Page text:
Theme park fans are re-creating rides at home, with tennis balls and pets as special effects


Some theme park fans just can’t live without their favorite attractions.

That is evident by the slew of online videos posted in recent weeks showing how everyday folks have re-created their favorite rides since stay-at-home orders forced the closure of all major U.S. theme parks.

Some of the makeshift rides are fairly schlocky. But others, relying on near-at-hand family pets, pool noodles, boogie boards and the like, do a pretty good job of replicating the experience that theme parks create using animatronics, computer-generated images, motion-simulation technologies and multiple millions of dollars.

Theme park fans Taylor Bybee, 22, and friend Alec Reynolds, 22, re-created Universal Studios’ Harry Potter and the Forbidden Journey attraction over a three-day period, relying on family members to serve as actors and everyday clothes for costumes


They persuaded a hyperactive Pomeranian named Zoey to play a runaway dragon by strapping wings to the pooch while Bybee, dressed as Potter, ran around a yard with dog treats in his hand to encourage the dog to give chase.

“Ironically, I think filming the dog took less time than filming my family members,” Bybee said. “They kept on messing up their lines and actions, and my dog nailed it on the first try.”

The creativity of such homemade attractions has even won the praises of top theme park designers.

“We have always been inspired by the incredible passion of our Disney park fans,“ said Bob Weis, president of Walt Disney Imagineering, the arm of Walt Disney Co. that dreams up its attractions. “Seeing their creativity and shared love for the experiences we create has really lifted our spirits.”

Of a similar mind is Joe Casey, vice president of Universal Creative, where rides are fashioned for Universal Parks & Resorts.

“Our guests continue to inspire us with their creativity in bringing such imaginative versions of our rides to life,” he said. “We look forward to reopening and sharing our adventurous and immersive rides with our guests again soon.”


Keeping in mind that breaking an arm during a simulated coaster drop could mean a scarier ride — to the emergency room — these homemade rides offer at least vicarious viewing pleasure. Here are a few of our favorites:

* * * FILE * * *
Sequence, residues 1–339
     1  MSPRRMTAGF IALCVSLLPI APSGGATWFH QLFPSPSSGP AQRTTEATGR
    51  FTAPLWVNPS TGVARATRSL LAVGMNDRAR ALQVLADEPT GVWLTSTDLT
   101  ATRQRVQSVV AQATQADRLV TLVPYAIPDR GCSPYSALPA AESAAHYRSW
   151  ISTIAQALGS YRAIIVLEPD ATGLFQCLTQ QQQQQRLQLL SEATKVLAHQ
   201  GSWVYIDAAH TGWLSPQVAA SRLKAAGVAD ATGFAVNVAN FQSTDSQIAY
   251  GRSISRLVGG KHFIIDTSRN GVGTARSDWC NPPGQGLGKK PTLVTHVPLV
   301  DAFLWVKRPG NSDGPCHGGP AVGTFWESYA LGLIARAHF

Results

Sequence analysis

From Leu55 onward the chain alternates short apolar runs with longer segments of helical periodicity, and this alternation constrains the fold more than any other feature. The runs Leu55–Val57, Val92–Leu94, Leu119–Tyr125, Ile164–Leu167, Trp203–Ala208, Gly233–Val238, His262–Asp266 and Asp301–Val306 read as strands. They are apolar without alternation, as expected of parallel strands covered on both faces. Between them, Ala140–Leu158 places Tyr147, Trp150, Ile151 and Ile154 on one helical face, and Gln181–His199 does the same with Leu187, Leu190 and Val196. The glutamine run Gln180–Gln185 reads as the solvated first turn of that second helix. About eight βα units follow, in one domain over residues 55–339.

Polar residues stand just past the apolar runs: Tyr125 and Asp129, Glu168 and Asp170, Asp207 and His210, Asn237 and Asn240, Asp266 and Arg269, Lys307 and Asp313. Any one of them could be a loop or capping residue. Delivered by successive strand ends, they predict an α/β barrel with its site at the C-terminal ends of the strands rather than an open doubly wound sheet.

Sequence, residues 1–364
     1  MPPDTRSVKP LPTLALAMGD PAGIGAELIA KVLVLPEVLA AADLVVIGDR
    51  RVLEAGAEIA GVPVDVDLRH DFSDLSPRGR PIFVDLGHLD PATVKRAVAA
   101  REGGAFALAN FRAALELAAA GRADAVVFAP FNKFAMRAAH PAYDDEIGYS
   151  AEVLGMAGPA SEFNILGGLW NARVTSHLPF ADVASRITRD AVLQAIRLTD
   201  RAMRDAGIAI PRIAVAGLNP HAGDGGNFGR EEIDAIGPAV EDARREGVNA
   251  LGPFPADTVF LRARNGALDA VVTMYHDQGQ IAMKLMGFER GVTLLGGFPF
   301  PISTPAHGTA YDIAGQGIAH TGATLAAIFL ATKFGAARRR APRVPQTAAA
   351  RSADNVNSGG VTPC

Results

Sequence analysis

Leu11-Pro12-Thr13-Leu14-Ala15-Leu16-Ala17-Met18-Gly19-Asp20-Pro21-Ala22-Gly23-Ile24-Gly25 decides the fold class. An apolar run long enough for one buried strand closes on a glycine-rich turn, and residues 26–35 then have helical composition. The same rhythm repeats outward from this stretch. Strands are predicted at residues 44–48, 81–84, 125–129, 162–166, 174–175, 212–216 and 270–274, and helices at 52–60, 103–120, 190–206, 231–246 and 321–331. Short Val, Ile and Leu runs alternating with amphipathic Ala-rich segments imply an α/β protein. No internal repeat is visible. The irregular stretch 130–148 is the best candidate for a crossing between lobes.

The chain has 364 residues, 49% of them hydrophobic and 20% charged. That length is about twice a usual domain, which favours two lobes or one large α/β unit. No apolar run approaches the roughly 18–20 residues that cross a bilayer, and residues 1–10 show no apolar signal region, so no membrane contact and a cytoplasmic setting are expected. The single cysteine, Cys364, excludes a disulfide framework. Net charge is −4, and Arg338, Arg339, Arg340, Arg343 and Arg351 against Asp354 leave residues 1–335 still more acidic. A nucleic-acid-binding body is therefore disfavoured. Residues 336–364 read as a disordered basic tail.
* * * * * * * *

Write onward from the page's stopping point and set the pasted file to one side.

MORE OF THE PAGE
Pirates of the Caribbean

We loved the use of a staircase for the water drop in the Pirates of the Caribbean ride and living room couches as warring British and pirate ships. Also the shaggy pup with little interest in the manic proceedings.

For those of you who can’t remember the original, here it is:

The Haunted Mansion

This re-creation of the iconic Haunted Mansion attraction made great use of blacklight and even worked in the scene of the quivering grave digger and his dog.


The original Haunted Mansion attraction looks like this:


Soarin’, an attraction that uses a flight simulator to give riders the feeling they are gliding over a picturesque landscape, was re-created with inventive use of cotton balls, Lego bricks, household sponges and sparklers.

Several versions of the Soarin’ attraction have been featured at Disney parks. Here is Soarin’ Over California:


Jungle Cruise

Re-creating Disney’s famed Jungle Cruise ride would not be the same without the series of cornball jokes delivered by the humorously challenged tour captain. This remake of the cruise takes place on a paddleboard and doesn’t scrimp on the groaners. Jon Lynch, a Disney employee from Orlando, Fla., said he created the ride with his wife over a weekend. “We only used the things we had lying around the house,” he said.

The real Jungle Cruise ride at Disneyland has been modified over the years. Here’s a recent version:


Guardians of the Galaxy — Mission: Breakout

In Disneyland’s Guardians of the Galaxy — Mission: Breakout, an anthropomorphic raccoon named Rocket helps to break out the other guardians from a zoo-like prison. In this remake, a cute pug plays the role of the human-like raccoon.

The original Guardians of the Galaxy — Mission: Breakout is a drop-tower attraction that opened in 2017 at Disney California Adventure Park.

Harry Potter and the Forbidden Journey

Not all the re-created rides are Disney attractions. Bybee and Reynolds put together their version of the Harry Potter and the Forbidden Journey ride, located in several shuttered Universal Studios parks. The homemade version features a fierce Pomeranian playing the role of a runaway dragon and a tennis ball as the elusive golden snitch.


The original Harry Potter and the Forbidden Journey ride does not rely on tennis balls and homemade costumes.